Susan Stanford Friedman (Wisconsin-Madison), 'Modernist Studies: Why Planetary? How Planetary?'
|Dates:||16 May 2016|
|Times:||16:00 - 18:00|
|What is it:||Lecture|
|Organiser:||School of Arts, Languages and Cultures|
|Who is it for:||University staff, Current University students, General public|
Northern Modernism Seminar: A Research Day with Susan Stanford Friedman
OPEN LECTURE (everyone welcome)
Modernist Studies: Why Planetary? How Planetary?
The lecture will discuss the aims, controversies, and methods surrounding a planetary approach to modernist studies. What are the potentials and problems of the planetary approach? How might the concept of scale—spatial and temporal—transform the study of modernism? How does rethinking modernity as multiple, polycentric, and recurrent assist in the development of a non-Eurocentric global modernist studies? What methods enable rigorous and contextualized approaches to planetary modernisms?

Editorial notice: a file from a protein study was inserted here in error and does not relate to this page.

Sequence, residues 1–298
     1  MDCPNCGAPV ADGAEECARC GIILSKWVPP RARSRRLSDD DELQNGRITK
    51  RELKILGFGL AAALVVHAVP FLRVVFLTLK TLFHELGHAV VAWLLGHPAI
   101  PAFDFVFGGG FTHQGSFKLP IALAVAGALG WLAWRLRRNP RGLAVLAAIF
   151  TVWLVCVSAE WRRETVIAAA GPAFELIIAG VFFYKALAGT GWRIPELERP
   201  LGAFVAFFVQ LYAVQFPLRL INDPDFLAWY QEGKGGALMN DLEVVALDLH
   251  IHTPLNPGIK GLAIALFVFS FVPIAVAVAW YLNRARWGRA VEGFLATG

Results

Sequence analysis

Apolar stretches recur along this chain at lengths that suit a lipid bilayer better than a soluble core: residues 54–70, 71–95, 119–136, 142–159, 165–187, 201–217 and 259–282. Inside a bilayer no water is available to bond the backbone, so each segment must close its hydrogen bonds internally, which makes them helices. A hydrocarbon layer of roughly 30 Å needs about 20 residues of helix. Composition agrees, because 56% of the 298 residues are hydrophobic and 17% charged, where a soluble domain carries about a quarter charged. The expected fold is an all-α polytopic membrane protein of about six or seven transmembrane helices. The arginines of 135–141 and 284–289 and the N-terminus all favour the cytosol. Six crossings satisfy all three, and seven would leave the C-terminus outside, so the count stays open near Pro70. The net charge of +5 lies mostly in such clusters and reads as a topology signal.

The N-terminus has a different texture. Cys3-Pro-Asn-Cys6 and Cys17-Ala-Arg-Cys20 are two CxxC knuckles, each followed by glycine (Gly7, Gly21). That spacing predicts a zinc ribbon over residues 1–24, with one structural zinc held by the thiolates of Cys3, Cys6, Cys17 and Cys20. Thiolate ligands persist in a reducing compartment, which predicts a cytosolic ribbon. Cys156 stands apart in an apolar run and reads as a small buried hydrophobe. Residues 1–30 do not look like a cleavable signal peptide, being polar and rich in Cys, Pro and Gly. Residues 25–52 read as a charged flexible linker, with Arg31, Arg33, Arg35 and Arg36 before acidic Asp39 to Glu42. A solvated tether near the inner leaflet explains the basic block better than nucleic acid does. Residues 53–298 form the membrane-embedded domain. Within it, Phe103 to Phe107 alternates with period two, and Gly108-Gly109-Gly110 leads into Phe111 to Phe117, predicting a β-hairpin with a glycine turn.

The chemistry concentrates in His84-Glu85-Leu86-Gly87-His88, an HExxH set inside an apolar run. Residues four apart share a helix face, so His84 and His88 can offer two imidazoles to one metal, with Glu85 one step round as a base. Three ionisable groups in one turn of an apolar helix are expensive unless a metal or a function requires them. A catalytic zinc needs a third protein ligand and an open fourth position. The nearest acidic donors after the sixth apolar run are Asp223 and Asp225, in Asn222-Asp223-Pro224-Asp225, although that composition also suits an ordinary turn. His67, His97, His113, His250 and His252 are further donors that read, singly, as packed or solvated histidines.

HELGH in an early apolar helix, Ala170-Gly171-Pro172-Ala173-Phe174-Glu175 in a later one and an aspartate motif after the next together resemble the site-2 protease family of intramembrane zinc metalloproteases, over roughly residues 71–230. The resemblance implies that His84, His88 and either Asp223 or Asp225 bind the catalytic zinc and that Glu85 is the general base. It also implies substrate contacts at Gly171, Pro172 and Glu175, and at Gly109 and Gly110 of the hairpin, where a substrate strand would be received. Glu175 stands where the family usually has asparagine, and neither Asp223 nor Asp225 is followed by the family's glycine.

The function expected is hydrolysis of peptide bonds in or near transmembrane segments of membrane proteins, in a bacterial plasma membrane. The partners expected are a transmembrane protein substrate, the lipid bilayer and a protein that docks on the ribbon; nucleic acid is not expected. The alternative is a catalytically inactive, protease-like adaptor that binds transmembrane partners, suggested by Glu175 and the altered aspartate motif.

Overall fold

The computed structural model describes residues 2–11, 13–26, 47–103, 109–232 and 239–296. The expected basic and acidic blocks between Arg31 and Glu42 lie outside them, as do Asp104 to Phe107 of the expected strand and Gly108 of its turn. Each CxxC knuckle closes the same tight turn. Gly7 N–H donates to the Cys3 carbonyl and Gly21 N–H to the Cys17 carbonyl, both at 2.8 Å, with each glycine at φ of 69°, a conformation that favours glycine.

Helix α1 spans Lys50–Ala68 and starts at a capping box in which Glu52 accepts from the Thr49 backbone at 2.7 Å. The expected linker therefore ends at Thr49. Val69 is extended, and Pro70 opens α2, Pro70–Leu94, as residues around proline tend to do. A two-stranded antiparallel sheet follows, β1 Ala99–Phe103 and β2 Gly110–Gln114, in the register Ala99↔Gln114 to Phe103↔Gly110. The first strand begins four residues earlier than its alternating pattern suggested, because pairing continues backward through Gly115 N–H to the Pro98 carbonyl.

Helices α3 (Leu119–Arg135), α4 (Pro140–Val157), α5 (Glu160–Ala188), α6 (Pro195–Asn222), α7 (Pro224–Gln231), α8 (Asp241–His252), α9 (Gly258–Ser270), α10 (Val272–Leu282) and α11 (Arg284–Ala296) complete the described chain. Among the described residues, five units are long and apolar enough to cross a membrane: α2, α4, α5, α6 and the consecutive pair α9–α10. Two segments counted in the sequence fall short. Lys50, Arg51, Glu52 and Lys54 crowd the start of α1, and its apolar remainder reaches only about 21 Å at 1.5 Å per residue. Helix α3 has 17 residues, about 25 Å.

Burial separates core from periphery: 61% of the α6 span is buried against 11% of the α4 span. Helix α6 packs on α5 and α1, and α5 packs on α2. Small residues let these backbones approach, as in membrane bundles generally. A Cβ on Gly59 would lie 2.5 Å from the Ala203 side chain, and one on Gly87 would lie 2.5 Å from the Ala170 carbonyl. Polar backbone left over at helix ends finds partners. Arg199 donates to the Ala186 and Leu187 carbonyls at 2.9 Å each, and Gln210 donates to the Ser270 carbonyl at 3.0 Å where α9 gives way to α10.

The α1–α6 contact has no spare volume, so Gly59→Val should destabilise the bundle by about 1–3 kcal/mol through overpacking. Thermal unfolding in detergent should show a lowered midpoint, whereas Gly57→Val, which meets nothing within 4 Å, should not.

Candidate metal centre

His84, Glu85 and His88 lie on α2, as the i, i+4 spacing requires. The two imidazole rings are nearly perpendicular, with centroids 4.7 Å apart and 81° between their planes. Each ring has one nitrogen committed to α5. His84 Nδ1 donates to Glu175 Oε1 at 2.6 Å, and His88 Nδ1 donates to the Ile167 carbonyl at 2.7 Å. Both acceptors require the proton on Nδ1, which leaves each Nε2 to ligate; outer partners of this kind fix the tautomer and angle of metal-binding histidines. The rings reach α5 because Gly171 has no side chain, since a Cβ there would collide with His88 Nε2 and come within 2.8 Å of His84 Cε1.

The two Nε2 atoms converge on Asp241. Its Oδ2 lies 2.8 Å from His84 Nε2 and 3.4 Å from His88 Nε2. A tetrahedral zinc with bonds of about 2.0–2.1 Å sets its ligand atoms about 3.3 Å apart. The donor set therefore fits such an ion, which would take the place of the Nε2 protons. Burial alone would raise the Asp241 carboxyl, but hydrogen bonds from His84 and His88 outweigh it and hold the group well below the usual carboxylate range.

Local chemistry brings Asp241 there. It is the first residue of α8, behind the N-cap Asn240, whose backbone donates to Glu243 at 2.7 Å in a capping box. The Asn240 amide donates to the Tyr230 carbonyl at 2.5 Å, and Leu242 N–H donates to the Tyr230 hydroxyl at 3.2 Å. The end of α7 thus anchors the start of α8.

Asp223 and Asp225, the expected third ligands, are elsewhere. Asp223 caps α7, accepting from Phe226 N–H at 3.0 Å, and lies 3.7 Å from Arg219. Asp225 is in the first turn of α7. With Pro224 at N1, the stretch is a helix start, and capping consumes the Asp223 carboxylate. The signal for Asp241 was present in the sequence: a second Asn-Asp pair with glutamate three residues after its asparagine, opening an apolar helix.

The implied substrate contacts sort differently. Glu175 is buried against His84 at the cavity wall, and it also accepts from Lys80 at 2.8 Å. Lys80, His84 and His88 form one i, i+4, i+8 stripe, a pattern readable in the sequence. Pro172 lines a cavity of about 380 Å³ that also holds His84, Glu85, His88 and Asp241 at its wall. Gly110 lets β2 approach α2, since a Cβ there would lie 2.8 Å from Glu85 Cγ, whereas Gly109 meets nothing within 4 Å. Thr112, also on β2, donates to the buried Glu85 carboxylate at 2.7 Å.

Respondents: Dr. Iain Bailey (Manchester) and Prof. Scott McCracken (Keele)
Susan Stanford Friedman is Hilldale Professor of the Humanities and the Virginia Woolf Professor of English and Women’s Studies at the University of Wisconsin-Madison, where she directs the Institute for Research in the Humanities. She has published widely on modernism, feminist theory and women’s writing, migration and diaspora, psychoanalysis, and narrative theory. Planetary Modernisms: Provocations on Modernity Across Time appeared in 2015. Other books include Comparison: Theories, Approaches, Uses, co-edited with Rita Felski (2013); Analyzing Freud: Letters of H.D., Bryher, and Their Circle (2001), Mappings: Feminism and the Cultural Geographies of Encounter (1998, trans. Into Chinese, 2014), Penelope’s Web: Gender, Modernity, H.D.’s Fiction (1990), Psyche Reborn: The Emergence of H.D. (1981), and the edited volumes Joyce: The Return of the Repressed (1993) and Signets—Reading H.D. (1991). She served as the President of the Modernist Studies Association in 2012, and she received the Wayne C. Booth Award for Lifetime Achievement from the International Society for the Study of Narrative. She co-founded the journal Contemporary Women’s Writing, and her work has been translated into ten languages.
Travel and Contact Information
C1.18 (Graduate School Conference Room)
Ellen Wilkinson Building